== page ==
Journalism in Jeopardy
By Charlie Vargas
The 2016 presidential election brought forth a new machine of misinformation often referred to as fake news. Fake news is the latest post-truth instrument that continues to inflict hysteria in the public. In November of 2015, President Donald Trump tweeted a fake infographic that depicted inaccurate statistics of deaths caused in and by the Black community.
At the same time there was a captioned photo of Trump being circulated that stated if he ever ran for president he would run Republican because they are “the dumbest group of voters” and that was also false.
These shams proved to be dangerous in December, when Comet Ping Pong in Washington D.C. came under fire after a man from North Carolina went to “self- investigate” an alleged pedophile ring full of celebrities and Democrats.
These are just a few examples of fake news perverting information in the political spectrum, yet both the left and the right claim no responsibility for the infiltration and spreading of misinformation.
Last month in a small interview with Reuters, Trump was asked about the last sanctions Barack Obama implemented on Russia, to which he said, “I think we ought to get on with our lives,” and “I think that computers have complicated lives very greatly. The whole age of computer has made it where nobody knows exactly what is going on.” It is important to consider that Trump does in fact know the severity of this issue.
After all, it was his chief strategist Steve Bannon, a board member of Cambridge Analytica, who targeted conservative micro groups on Facebook with a flurry of fake news. Cambridge Analytica, a data mining website that monitors social media users was strategically used to Trump’s advantage throughout the Presidential race in measuring voter mentality.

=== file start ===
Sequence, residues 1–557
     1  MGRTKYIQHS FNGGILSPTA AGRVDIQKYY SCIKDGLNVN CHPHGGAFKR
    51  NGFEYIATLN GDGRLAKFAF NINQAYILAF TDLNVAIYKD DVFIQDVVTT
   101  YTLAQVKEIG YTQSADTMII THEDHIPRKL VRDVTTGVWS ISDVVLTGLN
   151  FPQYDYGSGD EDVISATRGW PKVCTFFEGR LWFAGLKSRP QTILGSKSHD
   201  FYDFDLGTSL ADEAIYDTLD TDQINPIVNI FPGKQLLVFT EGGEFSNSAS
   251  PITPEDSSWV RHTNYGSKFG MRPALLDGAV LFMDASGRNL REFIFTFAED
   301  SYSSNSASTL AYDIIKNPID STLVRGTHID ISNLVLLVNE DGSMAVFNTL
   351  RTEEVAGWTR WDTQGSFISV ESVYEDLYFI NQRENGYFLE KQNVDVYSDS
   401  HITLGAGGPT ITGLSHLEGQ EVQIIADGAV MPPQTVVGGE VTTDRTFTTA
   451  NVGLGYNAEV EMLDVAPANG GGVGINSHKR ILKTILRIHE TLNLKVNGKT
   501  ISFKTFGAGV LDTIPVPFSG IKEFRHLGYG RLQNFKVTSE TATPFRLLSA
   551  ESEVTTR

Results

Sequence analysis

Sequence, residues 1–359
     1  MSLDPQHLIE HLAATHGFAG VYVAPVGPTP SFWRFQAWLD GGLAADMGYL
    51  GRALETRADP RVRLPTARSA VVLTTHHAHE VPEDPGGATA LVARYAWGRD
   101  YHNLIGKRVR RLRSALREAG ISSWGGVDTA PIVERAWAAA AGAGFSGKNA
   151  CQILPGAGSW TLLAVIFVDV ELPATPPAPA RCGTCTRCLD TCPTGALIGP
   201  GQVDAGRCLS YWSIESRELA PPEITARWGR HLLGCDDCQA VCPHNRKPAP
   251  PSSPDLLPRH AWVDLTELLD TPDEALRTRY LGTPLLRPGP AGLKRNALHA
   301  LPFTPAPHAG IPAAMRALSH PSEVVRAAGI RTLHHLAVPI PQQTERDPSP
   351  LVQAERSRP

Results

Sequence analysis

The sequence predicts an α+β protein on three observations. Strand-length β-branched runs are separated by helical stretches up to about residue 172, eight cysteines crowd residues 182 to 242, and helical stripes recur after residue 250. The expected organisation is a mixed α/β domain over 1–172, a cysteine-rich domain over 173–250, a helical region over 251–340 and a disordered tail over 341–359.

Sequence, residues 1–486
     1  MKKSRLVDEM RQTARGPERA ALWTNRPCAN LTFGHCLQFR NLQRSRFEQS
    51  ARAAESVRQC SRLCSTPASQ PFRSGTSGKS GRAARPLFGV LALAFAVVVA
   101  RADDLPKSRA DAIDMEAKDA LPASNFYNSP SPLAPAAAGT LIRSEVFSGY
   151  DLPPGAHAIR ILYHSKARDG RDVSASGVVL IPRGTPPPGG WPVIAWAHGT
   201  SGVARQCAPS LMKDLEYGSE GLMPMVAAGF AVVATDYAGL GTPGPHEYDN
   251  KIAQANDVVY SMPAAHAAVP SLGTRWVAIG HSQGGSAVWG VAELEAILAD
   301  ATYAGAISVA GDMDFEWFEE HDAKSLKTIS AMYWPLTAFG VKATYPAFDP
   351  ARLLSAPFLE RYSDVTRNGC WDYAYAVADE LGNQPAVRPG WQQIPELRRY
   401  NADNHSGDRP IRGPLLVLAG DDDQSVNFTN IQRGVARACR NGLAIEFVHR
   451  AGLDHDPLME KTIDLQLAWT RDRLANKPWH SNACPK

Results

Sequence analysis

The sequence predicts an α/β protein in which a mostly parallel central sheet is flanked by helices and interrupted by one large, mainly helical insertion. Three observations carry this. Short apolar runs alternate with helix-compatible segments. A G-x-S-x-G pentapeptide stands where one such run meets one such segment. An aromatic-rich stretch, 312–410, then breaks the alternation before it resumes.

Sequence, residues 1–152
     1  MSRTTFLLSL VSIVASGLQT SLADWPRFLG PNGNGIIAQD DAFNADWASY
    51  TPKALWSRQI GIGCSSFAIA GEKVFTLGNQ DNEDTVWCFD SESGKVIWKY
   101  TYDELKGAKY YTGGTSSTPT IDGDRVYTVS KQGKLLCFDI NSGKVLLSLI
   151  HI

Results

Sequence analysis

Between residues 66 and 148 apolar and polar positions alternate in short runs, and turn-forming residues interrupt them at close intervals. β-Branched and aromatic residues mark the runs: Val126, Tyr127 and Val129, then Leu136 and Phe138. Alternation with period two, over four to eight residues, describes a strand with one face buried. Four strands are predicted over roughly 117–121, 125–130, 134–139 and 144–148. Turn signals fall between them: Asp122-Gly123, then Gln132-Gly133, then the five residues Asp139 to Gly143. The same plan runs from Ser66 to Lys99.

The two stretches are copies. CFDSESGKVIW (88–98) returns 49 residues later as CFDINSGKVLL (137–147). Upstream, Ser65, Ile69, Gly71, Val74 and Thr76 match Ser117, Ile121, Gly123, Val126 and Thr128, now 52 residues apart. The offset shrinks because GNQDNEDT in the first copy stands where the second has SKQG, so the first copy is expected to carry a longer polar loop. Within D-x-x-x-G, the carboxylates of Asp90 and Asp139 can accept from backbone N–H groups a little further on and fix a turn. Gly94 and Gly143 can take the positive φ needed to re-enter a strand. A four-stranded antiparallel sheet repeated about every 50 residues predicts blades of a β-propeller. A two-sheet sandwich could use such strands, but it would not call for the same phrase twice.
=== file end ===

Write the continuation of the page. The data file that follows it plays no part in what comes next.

The company utilizes specific audience targeting and on their website state they are “building a future where every individual can have a truly personal relationship with their favorite brands and causes by showing organizations not just where people are, but what they really care about and what drives their behavior.” This strategy was pivotal in political campaigning for Trump’s narrow focus on voter groups on the web. The algorithms used by data mining sites are ideal for the future of political pandering, especially in a world where according to a study conducted by the Pew Research Center last year, 62 percent of adult Americans get their news from social media. If fake news continues to be a problem then that 62 percent of Americans may be compromised with misinformation.
The election was proof that media distortion is an issue that often goes without accountability. In Trump’s reckless race to the top he manipulated his supporters not only with populist rhetoric but by prying psychological information off of Facebook users, something that should be worrisome for the American public now that he commands the oval office.
It was simple for sites like Cambridge Analytica to mine a Facebook for information considering the vast majority of adults who use the site. Facebook currently does not have any monitors to prevent fake news from spreading but has partnered up with the Associated Press, Factcheck.org and a few others to help dismantle the rise of fake news. The infiltration of fake news is dangerous to the credibility of news publications.